Thursday, May 12, 2005

By Friday, local supporters will learn if their efforts to keep Travis untouched succeeded

May 12, 2005

Travis awaits its fate
Long-time Fairfield air base valuable part of Solano County

By CHRIS G. DENINA, Times-Herald staff writer

Will Travis Air Force Base suffer the same fate as Mare Island, or will it remain open? For now, only Defense Department officials know which military bases it will recommend to President Bush to shut down.

By Friday, local supporters will learn if their efforts to keep Travis untouched succeeded when the names of targeted bases are made public.

"I'm hopeful it won't be on that list, but we don't know," Fairfield Mayor Karin MacMillan said Wednesday. "We'll have to wait and see when the list comes out."

Travis pumps more than $1 billion a year into the regional economy, creating thousands of jobs, officials said. If the county loses its lone remaining base, Fairfield can expect an impact similar to that felt by Vallejo when its Mare Island Naval Shipyard closed in 1996, MacMillan said.

Only recently has Vallejo begun to see major strides in its reuse of the old shipyard, as new houses are built and buyers make plans to move in this summer.

But the civilianization of Mare Island is the last thing the Fairfield mayor said she wants to think about.

"Look at how many years it took," MacMillan said of Vallejo's recovery in reusing Mare Island.

More than a year ago, the county's cities and local groups joined forces to form the Travis Community Consortium to lobby lawmakers to keep Travis open.

Fairfield officials also have made strides to try to prevent a closure. The city and county bought land south of the base to create a buffer from housing, MacMillan said. To the north, land was set aside to let the base expand, she said.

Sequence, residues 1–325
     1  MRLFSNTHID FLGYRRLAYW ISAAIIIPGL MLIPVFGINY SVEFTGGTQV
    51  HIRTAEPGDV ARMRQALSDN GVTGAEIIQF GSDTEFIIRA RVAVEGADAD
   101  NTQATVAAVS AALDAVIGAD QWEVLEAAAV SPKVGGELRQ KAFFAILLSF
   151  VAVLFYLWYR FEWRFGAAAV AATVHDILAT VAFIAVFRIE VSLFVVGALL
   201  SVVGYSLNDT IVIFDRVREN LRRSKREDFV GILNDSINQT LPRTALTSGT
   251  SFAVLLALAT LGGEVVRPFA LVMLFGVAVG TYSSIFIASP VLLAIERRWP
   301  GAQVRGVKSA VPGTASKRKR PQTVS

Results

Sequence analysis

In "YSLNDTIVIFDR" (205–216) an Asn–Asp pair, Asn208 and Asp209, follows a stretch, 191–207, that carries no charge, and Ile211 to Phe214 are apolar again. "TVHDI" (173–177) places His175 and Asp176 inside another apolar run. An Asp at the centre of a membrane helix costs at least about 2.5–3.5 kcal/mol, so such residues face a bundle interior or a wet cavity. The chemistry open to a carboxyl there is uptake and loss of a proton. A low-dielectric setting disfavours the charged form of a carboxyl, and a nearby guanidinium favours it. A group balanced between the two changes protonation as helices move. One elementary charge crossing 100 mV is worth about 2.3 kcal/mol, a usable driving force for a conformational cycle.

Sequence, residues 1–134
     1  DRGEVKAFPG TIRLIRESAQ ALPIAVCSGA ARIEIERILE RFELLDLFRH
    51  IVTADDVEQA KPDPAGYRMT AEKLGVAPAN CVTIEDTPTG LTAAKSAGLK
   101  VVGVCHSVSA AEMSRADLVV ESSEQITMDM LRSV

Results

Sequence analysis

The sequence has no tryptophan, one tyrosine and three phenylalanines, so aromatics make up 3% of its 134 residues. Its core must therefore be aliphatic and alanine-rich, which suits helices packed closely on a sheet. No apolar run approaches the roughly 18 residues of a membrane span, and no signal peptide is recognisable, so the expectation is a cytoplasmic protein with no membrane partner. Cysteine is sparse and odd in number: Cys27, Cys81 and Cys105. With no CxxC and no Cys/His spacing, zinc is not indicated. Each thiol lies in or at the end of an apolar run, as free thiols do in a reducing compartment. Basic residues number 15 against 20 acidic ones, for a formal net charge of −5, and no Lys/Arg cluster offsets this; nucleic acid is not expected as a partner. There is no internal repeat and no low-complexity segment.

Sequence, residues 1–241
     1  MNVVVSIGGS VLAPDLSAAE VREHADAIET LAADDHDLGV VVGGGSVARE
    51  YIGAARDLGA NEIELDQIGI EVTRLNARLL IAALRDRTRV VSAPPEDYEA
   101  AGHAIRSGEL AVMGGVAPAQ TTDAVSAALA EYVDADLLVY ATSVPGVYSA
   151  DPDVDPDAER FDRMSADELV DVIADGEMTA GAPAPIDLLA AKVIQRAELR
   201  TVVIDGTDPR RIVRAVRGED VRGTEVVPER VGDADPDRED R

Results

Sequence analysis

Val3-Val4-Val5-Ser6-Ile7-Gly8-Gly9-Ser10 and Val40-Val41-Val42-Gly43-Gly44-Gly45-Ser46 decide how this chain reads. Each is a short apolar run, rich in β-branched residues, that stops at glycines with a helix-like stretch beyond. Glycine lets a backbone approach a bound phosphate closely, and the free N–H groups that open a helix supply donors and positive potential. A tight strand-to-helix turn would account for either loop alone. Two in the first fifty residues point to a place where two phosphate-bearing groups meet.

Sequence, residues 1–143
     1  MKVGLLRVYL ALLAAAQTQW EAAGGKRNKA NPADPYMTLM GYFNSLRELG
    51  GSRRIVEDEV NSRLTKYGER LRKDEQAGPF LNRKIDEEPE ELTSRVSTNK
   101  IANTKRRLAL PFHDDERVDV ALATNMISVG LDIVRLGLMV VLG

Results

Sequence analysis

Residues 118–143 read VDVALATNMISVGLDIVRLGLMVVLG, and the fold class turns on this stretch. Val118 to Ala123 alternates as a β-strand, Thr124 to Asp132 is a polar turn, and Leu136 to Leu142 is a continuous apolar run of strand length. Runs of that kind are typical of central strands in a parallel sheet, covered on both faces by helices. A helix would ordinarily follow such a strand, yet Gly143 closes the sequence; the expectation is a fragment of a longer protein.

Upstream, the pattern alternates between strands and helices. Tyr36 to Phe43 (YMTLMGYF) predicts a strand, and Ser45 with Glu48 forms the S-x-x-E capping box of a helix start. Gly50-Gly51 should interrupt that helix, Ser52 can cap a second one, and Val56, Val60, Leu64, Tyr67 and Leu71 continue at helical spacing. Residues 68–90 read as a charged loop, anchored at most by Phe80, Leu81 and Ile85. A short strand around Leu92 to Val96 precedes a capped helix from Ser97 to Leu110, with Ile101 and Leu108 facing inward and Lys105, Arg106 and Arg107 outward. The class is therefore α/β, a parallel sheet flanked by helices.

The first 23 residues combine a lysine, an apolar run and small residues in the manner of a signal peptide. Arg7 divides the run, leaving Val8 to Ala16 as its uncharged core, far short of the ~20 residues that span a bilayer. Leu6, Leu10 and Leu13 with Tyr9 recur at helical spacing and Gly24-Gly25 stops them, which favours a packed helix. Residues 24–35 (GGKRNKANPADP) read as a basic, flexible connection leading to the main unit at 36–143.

With all the work that's been done, it's unlikely the base will close, said Solano County Supervisor Mike Reagan, District 5-Vacaville.

"I think it's more likely they actually add units to Travis," said Reagan, a former lieutenant colonel who had been stationed at Travis.

Travis is the Air Force's major West Coast base, acting as a gateway to the Pacific Ocean and hub for military operations, he said.

Reagan was at the base in the 1990s when the Department of Defense recommended which installations to shut down. Travis was spared then, and the same should be true in this round, he said.

"I'm excited to see how well we did on this exam," Reagan said. "We've been working as a community on this for a decade, to keep Travis on that list."

The consortium has worked to try to make the military see Travis as indispensable. Even if it's left off the list, another base that is targeted could lobby to trade places, the Fairfield mayor said.

"It's not really over until it's over," MacMillan said.

- E-mail Chris G. Denina at or call 553-6835.

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